LAS VEGAS — The bull's-eye that the No. 12 BYU Cougars carry on their backs these days got shot to pieces at the Thomas & Mack Center on Saturday afternoon.
The Cougars entered the key Mountain West Conference road game against UNLV on top of the league standings and looking to expand that lead to two games. But the Rebels came out firing on all cylinders, and took the Cougars down early with a torrid long-range shooting display in an 88-74 win.
"They just kept making three after 3 after 3 ... and we couldn't come back from it," Cougar guard Jimmer Fredette said.
With the loss, the Cougars are now 22-3 overall and 7-2 in the MWC. With the victory, the Rebels improve to 19-4 and move into a tie with BYU atop the league standings at 7-2. New Mexico also sits at 7-2.
"There's no question who was the better team tonight," BYU coach Dave Rose said. "UNLV was terrific."
It was UNLV's blistering long-range shooting in the early going that put BYU into a hole too deep from which to claw out. When the Rebels drilled three straight treys four minutes into the game, they led 11-2. From there, it quickly got worse for BYU.
When Oscar Bellfield canned another 3-pointer at the 13:49 mark, UNLV had the Cougars in shock with a 20-4 lead. Minutes later, after another 3-ball trifecta from Bellfield, Tre'Von Willis and Matt Shaw, that lead was quickly stretched to 33-11.
The UNLV assault wasn't done yet. Two more 3-pointers by Shaw gave the Rebels a 26-point lead.
The Rebels had more. After a 3-pointer from BYU's Jonathan Tavernari cut the lead back to 23, a jumper by Willis, a steal and a layup by Justin Hawkins and two free throws by Willis put UNLV ahead 47-18 with 5:13 remaining in the half.
"They just came out firing," Tavernari said. "They didn't leave any bullets in the chamber tonight."
The Rebels built that insurmountable 29-point lead by shooting 65 percent in the first half and making 9-of-13 shots from behind the 3-point line. Willis was 6-of-9 at halftime with 21 points.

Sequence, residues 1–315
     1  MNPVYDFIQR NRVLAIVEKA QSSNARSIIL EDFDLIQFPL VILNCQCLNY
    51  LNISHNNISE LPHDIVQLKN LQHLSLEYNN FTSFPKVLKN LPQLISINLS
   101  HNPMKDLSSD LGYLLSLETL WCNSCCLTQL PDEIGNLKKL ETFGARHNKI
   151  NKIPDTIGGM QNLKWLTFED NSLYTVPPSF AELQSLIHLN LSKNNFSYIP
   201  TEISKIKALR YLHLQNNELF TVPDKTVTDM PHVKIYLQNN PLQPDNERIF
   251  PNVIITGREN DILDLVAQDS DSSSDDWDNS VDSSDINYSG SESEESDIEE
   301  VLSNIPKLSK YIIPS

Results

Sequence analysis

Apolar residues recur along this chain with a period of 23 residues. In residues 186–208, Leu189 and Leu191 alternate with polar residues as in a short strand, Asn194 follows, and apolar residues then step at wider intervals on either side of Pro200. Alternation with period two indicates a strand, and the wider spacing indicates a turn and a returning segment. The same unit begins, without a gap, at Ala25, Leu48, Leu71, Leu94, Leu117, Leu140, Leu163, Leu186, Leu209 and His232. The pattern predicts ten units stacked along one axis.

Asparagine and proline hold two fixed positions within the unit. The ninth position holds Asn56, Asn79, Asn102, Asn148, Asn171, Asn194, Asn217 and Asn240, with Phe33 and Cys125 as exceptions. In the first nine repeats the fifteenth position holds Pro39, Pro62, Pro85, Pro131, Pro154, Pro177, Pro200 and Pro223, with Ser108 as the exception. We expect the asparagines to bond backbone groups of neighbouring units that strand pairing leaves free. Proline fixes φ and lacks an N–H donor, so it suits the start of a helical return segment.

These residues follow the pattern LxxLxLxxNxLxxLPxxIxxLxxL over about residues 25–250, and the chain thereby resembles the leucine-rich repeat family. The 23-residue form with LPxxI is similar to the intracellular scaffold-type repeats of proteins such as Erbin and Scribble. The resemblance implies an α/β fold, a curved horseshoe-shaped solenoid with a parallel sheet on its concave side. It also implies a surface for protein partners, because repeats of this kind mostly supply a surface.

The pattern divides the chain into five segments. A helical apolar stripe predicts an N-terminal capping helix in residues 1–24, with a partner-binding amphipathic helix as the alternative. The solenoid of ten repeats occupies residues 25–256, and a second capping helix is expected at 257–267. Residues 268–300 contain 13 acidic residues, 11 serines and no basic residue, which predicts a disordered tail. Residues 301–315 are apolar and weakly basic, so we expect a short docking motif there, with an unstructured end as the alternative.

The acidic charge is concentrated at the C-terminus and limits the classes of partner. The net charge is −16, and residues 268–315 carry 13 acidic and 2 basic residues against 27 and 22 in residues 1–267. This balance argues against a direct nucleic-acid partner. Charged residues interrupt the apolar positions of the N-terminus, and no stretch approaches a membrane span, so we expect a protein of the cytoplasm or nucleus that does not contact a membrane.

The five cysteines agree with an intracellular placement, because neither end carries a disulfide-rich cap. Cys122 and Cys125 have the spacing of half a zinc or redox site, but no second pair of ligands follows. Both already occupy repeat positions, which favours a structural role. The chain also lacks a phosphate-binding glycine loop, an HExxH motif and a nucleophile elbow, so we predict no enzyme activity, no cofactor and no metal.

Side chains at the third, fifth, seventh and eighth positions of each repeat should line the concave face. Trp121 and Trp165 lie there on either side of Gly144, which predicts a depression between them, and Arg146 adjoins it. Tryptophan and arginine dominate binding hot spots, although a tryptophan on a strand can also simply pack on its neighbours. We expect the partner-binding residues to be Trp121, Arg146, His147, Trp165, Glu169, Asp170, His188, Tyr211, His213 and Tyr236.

The Cougars, on the other hand, shot 33 percent in the first half and hit only 4-of-15 from behind the arc.
"They got off to a great start and we had a hard time matching that start ... we couldn't score early and they kind of took us out of things, and we missed quite a few open shots and it got away from us," Rose said.
Still, with another half to go, the Cougars didn't fold up shop. After cutting UNLV's lead to 22 at the break, the Cougars came out in the second half with a little more fire in their eyes and a lot more accuracy.
A putback by Noah Hartsock and a 3-pointer by Fredette made it a 17-point game. A few minutes later, Tyler Haws drilled a 3-pointer to cap BYU's 14-5 run to open the second half and trim UNLV's lead to 61-48.
From there, however, the Cougars were in a position of picking their poison. When they challenged the Rebels outside, they were burned by UNLV's penetration. The Rebels used that two-pronged weapon to put BYU back on its heels with seven straight points to push the margin back to 20.
"They really stretched us with the way they shot early, and then we got out and pressured them and that caused us problems because they're good with the ball and they can drive us," Rose said.
The Cougars' final push came when Tavernari hit back-to-back jumpers and Fredette made 1-of-2 free throws to close to 74-59. But two minutes and two 3-pointers later, UNLV was back up by 22.
"It was the best we've played so far this season as far as everybody being focused and battling and playing with intensity," said Willis, who finished with a game- and career-high 33 points for the Rebels.
Chace Stanback added 14 points and 14 rebounds for UNLV, and Shaw chipped in 13 points. For BYU, Fredette led the way again with 21 tough points. Tavernari scored 16 off the bench and Jackson Emery added 10.
The Cougars now have a week off before hosting Air Force next Saturday at the Marriott Center.
"It's a long process, and we're right in the middle of it and still in a good spot. We have to recover from this and move forward ... it's one game, so we will move forward," Rose said.
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